I am not a huge fan of Amish or Mennonite novels but I really do like the Finding Sanctuary series by Nancy Mehl. Sanctuary, Missouri is a town where conservative and progressive Mennonites, as well as those not Mennonite at all, live together. And another feature, not all of the Mennonites are perfect. That makes for a style of fiction I really enjoy.
Our main character in this novel is Sophie Wittenbauer. She was raised in a strict Mennonite home in Kingdom but left as soon as she was eighteen. She had been terribly mistreated by her father and made some poor choices herself. She's now a new reporter at a newspaper. Wanting to move beyond her entry level reporting jobs, she aspires to that one story that will make her career.
When she overhears office chatter about a possible lead in a decades old robbery and murder, she decides this is her big chance. She knows the convict who sent the letter to the newspaper. He had overheard one of the murderers mention Sanctuary as a place to hide out. Sophie takes some time off, creates a likely reason for her visit, takes on a new name, and heads to the small Missouri town.
Imagine her surprise when one of the first people she meets is Jonathon, the young man she loved as a troubled teenager back in Kingdom. He's now the pastor of an evangelical church in Sanctuary. He doesn't recognizer her at first although he is puzzled by his inner feelings toward her. She still loves him but knows he could never still love her – not after all that had happened.
I love this town of Sanctuary. It's a place where the Mennonite and evangelical churches get together for dinners, where the pastors are good fishing buddies, and where people look out for each other. It is also the place where a murderer can hide out with some anonymity. Before too long, Sophie's probing investigation stirs up trouble. Will she be able to identify the murderer before it's too late? Will Jonathon stay by her side and help her?
We meet some great (and not so great) characters in Sanctuary. There are no hotels in Sanctuary so Sophia stays with Esther, an elderly woman and my favorite. What a dear – and she is much smarter than Sophie anticipates. We get reacquainted with others of the town we've met in previous novels in the series too.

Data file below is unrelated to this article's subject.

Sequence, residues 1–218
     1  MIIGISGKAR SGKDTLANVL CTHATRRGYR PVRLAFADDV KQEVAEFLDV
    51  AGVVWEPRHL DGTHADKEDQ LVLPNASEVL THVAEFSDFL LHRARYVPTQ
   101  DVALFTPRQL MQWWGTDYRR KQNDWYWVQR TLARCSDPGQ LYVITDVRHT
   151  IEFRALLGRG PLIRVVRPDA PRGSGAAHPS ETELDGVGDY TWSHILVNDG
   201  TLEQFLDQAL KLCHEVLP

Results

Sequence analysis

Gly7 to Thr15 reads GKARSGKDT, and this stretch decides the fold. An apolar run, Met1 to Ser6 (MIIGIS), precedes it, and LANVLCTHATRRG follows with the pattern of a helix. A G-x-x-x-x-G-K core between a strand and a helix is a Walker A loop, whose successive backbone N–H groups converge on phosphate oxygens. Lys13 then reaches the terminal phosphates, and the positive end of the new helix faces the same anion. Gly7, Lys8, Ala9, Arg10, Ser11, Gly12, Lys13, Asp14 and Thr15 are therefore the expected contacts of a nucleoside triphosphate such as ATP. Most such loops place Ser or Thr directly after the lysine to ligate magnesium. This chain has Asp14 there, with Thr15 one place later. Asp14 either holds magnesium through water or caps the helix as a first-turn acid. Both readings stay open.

One of the themes running through this novel is getting beyond a troubled religious past. It is hard for Sophie to go to Sanctuary. She has to keep reminding herself it is not Kingdom, with its bad memories. There is much she must overcome, including a dismissal of God as caring for her. I really like it that Mehl has made Sophie's conservative Christian background very realistic. Readers with a less than ideal childhood in a conservative Christian setting will certainly identify with Sophie.
Another issue in the book is Sophie's drive to be a successful crime reporter. Surrounded by wonderful people, and a potential beau, Sophie has to rethink her priorities. I kept hoping she'd make the right choice.
I highly recommend this novel. There is good suspense, a wonderful community through which the story flows, great characters, and some lessons to learn about living. This is the third book in a series but reads very well on its own.
My rating: 5/5 stars.
Nancy Mehl is the author of over twenty-one books. She and her husband live in Festus, Missouri. You can find out more about her and her books at http://nancymehl.com/.
Bethany House, 320 pages.
I received a complimentary egalley of this book from the publisher for the purpose of an independent and honest review.